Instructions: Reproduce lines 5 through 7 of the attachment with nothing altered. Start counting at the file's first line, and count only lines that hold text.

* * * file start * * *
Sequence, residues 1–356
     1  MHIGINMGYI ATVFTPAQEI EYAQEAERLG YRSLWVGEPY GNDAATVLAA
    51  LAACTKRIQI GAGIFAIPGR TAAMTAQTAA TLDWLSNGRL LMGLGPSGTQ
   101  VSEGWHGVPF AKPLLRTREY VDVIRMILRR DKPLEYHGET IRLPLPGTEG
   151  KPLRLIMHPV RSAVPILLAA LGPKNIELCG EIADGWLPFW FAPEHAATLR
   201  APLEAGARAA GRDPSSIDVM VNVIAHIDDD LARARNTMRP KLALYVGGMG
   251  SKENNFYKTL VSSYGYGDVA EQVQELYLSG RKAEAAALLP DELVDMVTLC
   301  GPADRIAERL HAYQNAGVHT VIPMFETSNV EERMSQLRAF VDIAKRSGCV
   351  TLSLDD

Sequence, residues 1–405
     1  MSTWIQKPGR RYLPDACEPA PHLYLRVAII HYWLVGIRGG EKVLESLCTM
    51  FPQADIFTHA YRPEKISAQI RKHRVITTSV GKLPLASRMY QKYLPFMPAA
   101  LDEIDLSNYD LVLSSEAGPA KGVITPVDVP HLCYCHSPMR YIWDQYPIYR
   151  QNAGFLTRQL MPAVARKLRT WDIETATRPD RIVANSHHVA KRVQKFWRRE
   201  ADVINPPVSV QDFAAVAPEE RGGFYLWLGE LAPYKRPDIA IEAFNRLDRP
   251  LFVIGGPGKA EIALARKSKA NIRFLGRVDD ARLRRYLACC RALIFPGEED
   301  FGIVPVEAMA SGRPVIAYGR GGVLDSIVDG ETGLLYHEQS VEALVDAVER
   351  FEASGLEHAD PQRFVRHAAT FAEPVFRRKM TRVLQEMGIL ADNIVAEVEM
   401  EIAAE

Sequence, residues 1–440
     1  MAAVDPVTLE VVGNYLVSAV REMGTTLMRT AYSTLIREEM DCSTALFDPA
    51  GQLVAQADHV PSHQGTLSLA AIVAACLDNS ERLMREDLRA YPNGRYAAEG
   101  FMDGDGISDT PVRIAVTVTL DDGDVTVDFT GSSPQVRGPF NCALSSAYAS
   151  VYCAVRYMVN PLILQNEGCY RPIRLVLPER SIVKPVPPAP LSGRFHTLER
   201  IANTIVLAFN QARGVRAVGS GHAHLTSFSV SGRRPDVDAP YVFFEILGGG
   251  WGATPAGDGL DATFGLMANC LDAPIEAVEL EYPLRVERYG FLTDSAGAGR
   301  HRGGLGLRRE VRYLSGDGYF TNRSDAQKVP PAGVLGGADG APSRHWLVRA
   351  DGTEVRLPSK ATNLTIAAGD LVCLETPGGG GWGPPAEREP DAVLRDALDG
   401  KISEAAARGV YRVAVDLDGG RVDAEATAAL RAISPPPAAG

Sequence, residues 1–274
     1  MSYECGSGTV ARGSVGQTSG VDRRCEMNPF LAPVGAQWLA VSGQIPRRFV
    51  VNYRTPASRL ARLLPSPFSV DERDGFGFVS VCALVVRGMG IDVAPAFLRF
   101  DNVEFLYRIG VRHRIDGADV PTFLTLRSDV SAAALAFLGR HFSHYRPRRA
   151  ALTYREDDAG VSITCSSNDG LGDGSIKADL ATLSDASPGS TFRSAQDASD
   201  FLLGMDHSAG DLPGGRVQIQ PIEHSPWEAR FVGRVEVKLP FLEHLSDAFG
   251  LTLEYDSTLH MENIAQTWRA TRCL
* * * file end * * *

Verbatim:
   151  KPLRLIMHPV RSAVPILLAA LGPKNIELCG EIADGWLPFW FAPEHAATLR
   201  APLEAGARAA GRDPSSIDVM VNVIAHIDDD LARARNTMRP KLALYVGGMG
   251  SKENNFYKTL VSSYGYGDVA EQVQELYLSG RKAEAAALLP DELVDMVTLC